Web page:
Steering racks, commonly referred to as rack and pinion steering, use a pinion gear which receives input from the steering wheel and column. The pinion gear meshes with the teeth on the rack, which are connected to the tie-rods and tie-rod ends. When the pinion gear is turned by the steering wheel and column, the pinion gear moves the rack from side to side. This pushes one tie-rod out, and pulls the other tie-rod in, which turns the front wheels. Even without power steering, the pinion gear (and driver) have a mechanical advantage over the rack because of the gear action of the pinion.
Steering gears tend to be used more on heavy duty applications. In this type of system, the steering column is connected to the steering gears worm shaft. This worm shaft has the ball nut assembly riding on it with ball bearings. The ball nut assembly has teeth on one side which mesh with the pitman or sector shaft, which controls the arms and tie-rods of the steering system. As the worm shaft is rotated, the ball nut assembly is moved from side to side depending on which way the worm shaft is rotated. This movement of the ball nut assembly rotates the sector shaft. The worm shaft needs to be rotated several times by the steering column to get just a few degrees of sector shaft rotation. This means that the worm shaft has a mechanical advantage over the sector shaft, even without power steering.
Manual steering systems (rack or gear systems) rely on gear ratios alone to give the driver a mechanical advantage over the steering system. These systems are not that difficult to operate once the vehicle is in motion, but require much more effort to turn the steering wheel when the vehicle is stationary. A power steering system is used in almost every modern vehicle on the road today. Many new models are using electric power steering, which I will discuss later in this article.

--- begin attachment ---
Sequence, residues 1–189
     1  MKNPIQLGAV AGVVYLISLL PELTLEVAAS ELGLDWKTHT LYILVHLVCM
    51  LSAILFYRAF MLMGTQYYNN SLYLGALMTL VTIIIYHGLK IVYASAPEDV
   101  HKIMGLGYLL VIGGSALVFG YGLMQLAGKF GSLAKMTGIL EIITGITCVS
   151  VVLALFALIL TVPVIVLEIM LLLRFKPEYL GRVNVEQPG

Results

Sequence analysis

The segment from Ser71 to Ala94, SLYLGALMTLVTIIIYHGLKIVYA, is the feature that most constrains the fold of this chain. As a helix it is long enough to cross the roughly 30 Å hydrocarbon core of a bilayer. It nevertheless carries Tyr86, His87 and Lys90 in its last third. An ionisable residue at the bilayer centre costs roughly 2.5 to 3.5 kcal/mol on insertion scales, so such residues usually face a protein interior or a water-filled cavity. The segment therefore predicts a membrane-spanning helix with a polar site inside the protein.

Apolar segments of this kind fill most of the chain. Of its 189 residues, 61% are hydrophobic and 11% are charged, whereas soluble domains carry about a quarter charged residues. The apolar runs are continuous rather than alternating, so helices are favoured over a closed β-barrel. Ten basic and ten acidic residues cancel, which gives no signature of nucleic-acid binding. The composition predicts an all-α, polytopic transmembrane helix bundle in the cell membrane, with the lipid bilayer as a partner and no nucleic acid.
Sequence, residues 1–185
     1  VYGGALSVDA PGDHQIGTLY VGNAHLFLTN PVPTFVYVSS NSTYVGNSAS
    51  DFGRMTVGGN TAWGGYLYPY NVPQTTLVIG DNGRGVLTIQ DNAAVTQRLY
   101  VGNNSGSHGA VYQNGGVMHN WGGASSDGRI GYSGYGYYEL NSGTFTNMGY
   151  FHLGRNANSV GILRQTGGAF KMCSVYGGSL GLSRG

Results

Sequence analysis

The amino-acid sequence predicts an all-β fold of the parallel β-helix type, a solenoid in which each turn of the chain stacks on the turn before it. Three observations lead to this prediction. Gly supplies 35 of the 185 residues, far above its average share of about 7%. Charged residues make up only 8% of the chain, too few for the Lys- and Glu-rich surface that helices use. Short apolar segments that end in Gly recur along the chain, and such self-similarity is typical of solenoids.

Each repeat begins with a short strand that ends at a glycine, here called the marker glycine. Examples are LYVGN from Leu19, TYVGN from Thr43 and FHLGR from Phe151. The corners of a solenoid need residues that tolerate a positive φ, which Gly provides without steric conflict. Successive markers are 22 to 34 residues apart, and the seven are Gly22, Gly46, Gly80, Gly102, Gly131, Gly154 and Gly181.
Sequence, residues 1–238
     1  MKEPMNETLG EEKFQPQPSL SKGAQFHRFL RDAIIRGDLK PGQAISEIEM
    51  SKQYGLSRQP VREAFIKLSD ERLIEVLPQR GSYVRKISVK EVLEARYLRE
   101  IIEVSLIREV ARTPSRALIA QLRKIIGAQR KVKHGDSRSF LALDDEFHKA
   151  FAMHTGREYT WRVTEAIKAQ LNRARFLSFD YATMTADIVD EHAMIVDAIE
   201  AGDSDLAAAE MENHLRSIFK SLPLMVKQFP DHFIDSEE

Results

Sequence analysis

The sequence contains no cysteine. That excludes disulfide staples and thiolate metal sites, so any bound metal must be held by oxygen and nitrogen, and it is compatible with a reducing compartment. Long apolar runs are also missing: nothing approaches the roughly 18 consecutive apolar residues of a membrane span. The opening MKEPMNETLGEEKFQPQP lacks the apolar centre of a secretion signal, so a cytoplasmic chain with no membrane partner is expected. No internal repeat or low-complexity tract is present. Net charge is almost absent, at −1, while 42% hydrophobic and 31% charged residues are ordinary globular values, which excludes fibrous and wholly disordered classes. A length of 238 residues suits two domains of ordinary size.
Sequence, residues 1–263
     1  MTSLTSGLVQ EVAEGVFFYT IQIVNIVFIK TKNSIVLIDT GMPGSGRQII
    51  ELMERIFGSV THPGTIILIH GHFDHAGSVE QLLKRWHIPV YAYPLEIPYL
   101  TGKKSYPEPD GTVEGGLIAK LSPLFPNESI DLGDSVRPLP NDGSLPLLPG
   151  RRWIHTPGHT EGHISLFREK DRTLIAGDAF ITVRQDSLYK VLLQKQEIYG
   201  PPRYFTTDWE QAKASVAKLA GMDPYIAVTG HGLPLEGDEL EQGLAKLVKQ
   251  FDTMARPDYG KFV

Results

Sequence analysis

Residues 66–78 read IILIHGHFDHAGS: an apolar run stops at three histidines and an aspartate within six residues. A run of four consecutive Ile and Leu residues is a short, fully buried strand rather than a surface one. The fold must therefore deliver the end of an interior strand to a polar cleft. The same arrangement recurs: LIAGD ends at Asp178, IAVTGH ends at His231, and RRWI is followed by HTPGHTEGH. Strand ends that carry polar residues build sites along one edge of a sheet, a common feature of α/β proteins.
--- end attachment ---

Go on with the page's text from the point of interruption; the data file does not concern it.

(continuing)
Basic Power Steering Operation
The power steering pump, pumps power steering fluid to the control valve on either the rack or the steering gear. This creates fluid pressure of about 1000PSI to 2500PSI depending on the system. The control valve senses torque input from the operator and directs fluid to either side of the rack or steering gear, which allows the hydraulic pressure to assist the operator in controlling the steering system.
Pieces of a Power Steering System
The pump makes the hydraulic pressure that the system uses to assist the driver in controlling the steering system. These pumps are driven by the engine, usually by an accessory belt. These pumps can be a vane-type pump, a slipper pump or roller pump. To get the extra pressure necessary for the power steering system, these pumps act as a double pump. They have an inlet and an outlet on each side, creating two separate pumps out of one, or causing twice as much displacement per revolution. The pump must create enough pressure and fluid flow to allow the wheels to be turned with the engine at idle and the vehicle stationary. This is when the power steering system works the hardest. As engine RPM increases and the vehicle begins to move down the road, if fluid pressure was not regulated, the steering assist would cause the steering be dangerously light. As engine RPM increases the flow control valve, located inside the pump assembly, will limit the amount of fluid which leaves the pump. These can be simply spring and pressure controlled or they may be PCM controlled. PCM controlled systems take vehicle speed into account when deciding how much assist is necessary. The faster the vehicle is travelling, the less assist is necessary to turn them.